15 Facts about Polar Bears
- Polar bears live in the circumpolar north, in areas where they can hunt seals on the sea ice. They are found in Canada, the U.S. (Alaska), Greenland, Russia and Norway.
- Biologists estimate there are roughly 20,000 to 25,000 polar bears in the world, 60% of which live in Canada.
- Contrary to media portrayal, polar bears and penguins live at opposite poles and would never meet. Polar bears are only found in the north, and penguins are only found in the south.
- The scientific name for polar bear is Ursus maritimus, which means "sea bear". It is the only bear considered a marine mammal (dependent on the ocean for survival).
- Polar bears' fur consists of a dense, insulating undercoat topped by guard hairs of various lengths. It is not actually white—it just looks that way. Each hair shaft is pigment-free and transparent with a hollow core that scatters and reflects visible light, much like what happens with ice and snow.
- Polar bears have black skin and a layer of fat (not blubber) that can measure 4.5 inches thick!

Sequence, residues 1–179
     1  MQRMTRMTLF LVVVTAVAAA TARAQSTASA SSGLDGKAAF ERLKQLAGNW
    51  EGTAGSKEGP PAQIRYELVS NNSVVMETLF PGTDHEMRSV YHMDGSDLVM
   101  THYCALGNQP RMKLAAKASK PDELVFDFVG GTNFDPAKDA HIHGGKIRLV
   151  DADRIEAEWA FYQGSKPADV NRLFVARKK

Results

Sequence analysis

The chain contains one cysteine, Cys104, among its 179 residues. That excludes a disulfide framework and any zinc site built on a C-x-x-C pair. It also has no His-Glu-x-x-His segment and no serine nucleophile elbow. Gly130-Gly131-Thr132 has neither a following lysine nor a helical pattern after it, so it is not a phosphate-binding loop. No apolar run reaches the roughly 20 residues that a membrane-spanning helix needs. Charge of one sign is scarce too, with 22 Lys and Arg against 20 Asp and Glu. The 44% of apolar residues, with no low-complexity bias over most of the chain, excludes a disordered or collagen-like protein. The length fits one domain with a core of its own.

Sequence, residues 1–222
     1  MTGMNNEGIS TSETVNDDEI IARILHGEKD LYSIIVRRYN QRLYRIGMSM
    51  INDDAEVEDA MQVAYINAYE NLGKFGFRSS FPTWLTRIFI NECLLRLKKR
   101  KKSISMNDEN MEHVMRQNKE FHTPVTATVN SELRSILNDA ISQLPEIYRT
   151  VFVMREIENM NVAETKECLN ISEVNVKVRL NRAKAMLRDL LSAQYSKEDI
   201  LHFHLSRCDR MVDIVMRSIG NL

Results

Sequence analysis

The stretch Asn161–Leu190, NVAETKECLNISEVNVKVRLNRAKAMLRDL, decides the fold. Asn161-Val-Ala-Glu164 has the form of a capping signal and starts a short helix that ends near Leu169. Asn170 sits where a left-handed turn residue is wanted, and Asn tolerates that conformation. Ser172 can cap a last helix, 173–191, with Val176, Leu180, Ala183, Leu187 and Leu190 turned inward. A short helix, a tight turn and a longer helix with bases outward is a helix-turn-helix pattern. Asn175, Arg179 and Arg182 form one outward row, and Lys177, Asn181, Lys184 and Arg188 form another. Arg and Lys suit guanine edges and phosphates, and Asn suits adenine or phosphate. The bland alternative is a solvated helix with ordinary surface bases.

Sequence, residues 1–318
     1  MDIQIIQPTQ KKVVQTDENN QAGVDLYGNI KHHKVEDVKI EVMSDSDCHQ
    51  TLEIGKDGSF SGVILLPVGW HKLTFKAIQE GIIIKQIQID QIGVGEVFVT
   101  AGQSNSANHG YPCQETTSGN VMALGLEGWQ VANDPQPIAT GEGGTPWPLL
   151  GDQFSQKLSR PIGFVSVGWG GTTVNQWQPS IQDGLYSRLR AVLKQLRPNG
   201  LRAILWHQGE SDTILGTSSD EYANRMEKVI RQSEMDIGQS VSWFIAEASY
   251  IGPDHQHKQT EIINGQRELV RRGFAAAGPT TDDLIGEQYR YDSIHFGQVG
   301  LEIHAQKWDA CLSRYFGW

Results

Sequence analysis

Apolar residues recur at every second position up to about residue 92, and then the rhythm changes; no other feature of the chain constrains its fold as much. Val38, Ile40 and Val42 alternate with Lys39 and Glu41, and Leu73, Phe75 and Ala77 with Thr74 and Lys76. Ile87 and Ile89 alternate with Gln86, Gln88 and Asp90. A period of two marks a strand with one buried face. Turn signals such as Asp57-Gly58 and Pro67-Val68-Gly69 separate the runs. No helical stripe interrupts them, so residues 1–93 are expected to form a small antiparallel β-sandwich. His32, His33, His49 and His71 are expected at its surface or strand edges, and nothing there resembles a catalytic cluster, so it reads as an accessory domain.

- A polar bear has very keen senses of smell, vision and hearing. Heightened senses help bears survive in Arctic conditions.
- The polar bear's main prey is the ringed seal. They depend on sea ice for access to seals, hunting by waiting for the seals to surface at an openings in the ice or at a breathing hole.
- Polar bears' lives are a cycle of feasting and fasting. In the winter, the bears are out on the sea ice hunting. When the sea ice melts, polar bears are forced onto land. With no access to seals, they are fasting on built up fat reserves. When hunting is good, polar bears can eat 100 pounds of blubber in a single sitting!
- Polar bears can run as fast as 40 kilometers per hour—but only for short distances.
- With the exception of pregnant females, polar bears do not overwinter in dens like brown and black bears. Instead adult male polar bears and non-pregnant females remain active throughout the year.
- Mating takes place on the ice in April or May, but the fertile ova do not implant until the following fall. This is called delayed implantation.
- Females usually bear two cubs about two months after they enter the maternity den, usually by early January. These cubs weigh a pound at birth, and quickly grow to over 20 pounds in 3 months by feeding on mom's milk.
- In May 2008, the U.S listed the polar bear as a threatened species under the Endangered Species Act, citing sea ice losses in the Arctic from global warming as the single biggest threat to polar bears.
- If we do not reduce our green house gas emissions and the planet continues to warm at the current rate, 2/3 of the world's polar bears will disappear by 2050.
Do you like polar bears? Did you learn something new?